Decade


It was the first week in September 2003 when I got the news. Ann, having been suffering from what she thought was a bout with the stomach flu, called me at work once she returned from the doctor. And I’ll never forget it.

“I’m pregnant,” she said, voice quivering. Barely being able to hold onto my oh-so-chic Nokia 8210, I was ecstatic, scared, nervous, and freaked out.

Us, with a child. Us, parents. Wow.

I told her to meet me for lunch at the office. When she arrived, I ran outside and greeted her with a big hug and the two of us shared a moment we would never forget. It was the first time that we had officially held each other as parents.

From there, it everything went so fast. Our schedules revolved around doctor’s appointments and every little thing a nervous Ann thought didn’t feel right required a call to her OB/GYN who was outstanding throughout the entire pregnancy. She also performed the C-Section.

Nothing really hit us until we saw the first ultrasound.

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That little peanut was our baby although at this point its sex could not be determined.

It didn’t matter. We were ready for little Girl or Boy to arrive. I printed out this ultrasound and stuck it to the side of my work computer and as I got updated ones, printed those out and replaced the last one. Coworkers would come into the office to get an update on things and see the latest ultrasound and, of course, ask how we were both doing.

And being it was a small business, they got together and had a Baby Shower which was just the beginning since one coworker decided she would throw us one herself…

…as did Ann’s parents.

A total of three Baby Showers. Don’t ask. I guess people like us. By the way, that Picasso print over my left shoulder is still hanging in the den.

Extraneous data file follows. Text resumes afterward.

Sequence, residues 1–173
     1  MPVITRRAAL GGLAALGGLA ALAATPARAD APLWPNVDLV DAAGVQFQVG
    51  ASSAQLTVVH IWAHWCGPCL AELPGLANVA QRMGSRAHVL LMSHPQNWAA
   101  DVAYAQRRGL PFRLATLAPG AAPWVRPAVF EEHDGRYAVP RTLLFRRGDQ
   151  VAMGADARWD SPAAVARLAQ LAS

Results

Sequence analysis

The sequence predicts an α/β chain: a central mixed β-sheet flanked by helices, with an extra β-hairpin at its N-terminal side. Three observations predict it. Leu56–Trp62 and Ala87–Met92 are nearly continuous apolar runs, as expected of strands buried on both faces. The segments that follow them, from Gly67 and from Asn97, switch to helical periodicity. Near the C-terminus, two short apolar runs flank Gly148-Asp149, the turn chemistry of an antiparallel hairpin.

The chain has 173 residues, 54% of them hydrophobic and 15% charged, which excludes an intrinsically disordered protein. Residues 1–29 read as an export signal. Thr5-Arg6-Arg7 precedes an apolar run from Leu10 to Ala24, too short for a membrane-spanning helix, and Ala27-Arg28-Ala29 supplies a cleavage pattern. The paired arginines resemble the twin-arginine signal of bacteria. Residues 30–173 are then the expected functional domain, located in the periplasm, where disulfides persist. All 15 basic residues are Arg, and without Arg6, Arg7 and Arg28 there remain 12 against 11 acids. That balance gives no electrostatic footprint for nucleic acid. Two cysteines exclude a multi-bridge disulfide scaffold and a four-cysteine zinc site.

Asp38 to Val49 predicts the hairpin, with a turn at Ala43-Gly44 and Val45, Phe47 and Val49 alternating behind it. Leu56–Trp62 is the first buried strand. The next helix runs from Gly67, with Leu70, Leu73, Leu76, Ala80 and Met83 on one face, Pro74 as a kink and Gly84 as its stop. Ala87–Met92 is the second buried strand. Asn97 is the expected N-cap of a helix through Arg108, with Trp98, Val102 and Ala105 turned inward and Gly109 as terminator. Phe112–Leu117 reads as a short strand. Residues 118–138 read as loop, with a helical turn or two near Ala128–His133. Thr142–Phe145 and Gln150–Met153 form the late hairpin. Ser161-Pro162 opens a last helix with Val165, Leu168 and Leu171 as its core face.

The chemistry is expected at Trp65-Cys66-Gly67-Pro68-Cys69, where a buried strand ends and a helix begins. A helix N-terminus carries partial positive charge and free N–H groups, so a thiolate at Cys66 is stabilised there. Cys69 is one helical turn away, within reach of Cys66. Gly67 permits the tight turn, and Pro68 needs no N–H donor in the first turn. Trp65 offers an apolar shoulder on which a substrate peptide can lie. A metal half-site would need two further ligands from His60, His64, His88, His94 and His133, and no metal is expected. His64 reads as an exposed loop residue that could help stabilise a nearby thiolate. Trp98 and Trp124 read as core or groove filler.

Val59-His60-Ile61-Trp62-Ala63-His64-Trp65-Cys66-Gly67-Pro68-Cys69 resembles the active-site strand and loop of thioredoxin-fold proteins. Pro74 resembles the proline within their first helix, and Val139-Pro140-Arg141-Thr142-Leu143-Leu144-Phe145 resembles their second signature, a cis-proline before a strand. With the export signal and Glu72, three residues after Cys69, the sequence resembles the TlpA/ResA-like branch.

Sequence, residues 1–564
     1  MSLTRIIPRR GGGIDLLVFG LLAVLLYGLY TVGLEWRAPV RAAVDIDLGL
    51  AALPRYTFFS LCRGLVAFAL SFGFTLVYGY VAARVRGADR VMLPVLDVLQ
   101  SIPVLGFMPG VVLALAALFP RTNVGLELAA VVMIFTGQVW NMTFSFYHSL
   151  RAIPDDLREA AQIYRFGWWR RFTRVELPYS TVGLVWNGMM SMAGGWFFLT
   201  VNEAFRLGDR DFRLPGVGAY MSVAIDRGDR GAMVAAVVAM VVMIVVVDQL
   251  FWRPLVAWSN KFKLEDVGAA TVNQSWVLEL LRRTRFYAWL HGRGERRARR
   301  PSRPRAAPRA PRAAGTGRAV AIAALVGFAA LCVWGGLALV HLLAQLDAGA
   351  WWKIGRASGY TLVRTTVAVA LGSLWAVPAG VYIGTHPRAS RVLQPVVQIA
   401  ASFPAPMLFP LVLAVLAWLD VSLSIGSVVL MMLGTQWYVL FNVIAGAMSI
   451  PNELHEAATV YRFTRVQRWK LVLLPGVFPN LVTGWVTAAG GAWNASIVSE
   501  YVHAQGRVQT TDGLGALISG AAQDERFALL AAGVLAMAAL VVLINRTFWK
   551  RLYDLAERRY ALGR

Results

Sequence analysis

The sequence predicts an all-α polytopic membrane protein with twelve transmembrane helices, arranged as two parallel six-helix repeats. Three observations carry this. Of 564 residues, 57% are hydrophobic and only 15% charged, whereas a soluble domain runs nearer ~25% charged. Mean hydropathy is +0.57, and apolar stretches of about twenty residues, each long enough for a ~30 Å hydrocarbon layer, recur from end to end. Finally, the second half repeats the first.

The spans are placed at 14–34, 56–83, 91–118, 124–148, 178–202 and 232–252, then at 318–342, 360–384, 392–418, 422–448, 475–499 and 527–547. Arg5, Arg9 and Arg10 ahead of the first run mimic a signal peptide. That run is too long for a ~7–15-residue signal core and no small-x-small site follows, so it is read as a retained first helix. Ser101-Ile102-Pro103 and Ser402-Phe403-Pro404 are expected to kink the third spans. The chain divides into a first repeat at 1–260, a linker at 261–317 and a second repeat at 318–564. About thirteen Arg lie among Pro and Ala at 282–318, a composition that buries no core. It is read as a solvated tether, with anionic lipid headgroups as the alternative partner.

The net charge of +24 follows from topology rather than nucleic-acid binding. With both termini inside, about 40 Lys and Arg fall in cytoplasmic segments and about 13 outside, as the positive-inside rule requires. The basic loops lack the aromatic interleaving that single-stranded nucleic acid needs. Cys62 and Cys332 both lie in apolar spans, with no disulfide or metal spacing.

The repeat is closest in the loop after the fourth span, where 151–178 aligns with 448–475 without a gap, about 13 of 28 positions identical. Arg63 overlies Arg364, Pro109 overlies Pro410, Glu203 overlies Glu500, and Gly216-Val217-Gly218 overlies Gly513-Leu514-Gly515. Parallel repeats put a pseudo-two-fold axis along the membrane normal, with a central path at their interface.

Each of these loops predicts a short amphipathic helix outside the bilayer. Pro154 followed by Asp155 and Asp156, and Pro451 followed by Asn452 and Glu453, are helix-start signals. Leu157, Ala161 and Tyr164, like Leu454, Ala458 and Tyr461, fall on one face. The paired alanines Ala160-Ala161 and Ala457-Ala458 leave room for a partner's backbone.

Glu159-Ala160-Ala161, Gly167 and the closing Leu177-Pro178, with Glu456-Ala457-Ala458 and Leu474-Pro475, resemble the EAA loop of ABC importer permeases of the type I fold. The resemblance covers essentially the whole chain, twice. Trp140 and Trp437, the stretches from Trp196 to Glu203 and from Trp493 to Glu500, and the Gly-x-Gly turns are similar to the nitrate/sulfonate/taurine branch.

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Then, after all the showers had come and gone, The Big Day arrived — March 30, 2004. I was on my way to work when Ann called me on my cell phone which at the time I never had on while driving. But something told me to turn it on this time.

I was a block away when I got the call to come back home because her water had broke. I turned around, called the office to let them know my vacation had officially begun and, much to Ann’s chagrin, started the video camera.

We arrived at the hospital and Ann was still doing okay. After filling out some forms, she was taken into a room for observation. Her OB/GYN showed up for the delivery and gave us a rundown of how things would happen — and reminded us of the complications we could encounter as well. Ann was then wheeled out to the OR for the delivery as I donned my sterile outfit.

Here’s a selfie of me in said outfit as I ready to enter the OR. And as is evident by this photo, I was shooting what are known at this particular moment in 2014 as “selfies” long before it was chic. And I was doing it with film cameras in the 90s, you hipster twits.

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The boy we came to name Anthony entered this world at 10:47 am. I sat by Ann’s side the entire time, only leaving her to take photos with two of the three cameras I took with me: two still (film and digital) and one video camera. On said video, I am filled with absolute euphoria as the doctor held up Anthony for the first time. I was crying more than he was and repeatedly saying, “Oh my God! Oh my God! I can’t believe it!”

Ann, pretty drugged up, just smiled at me.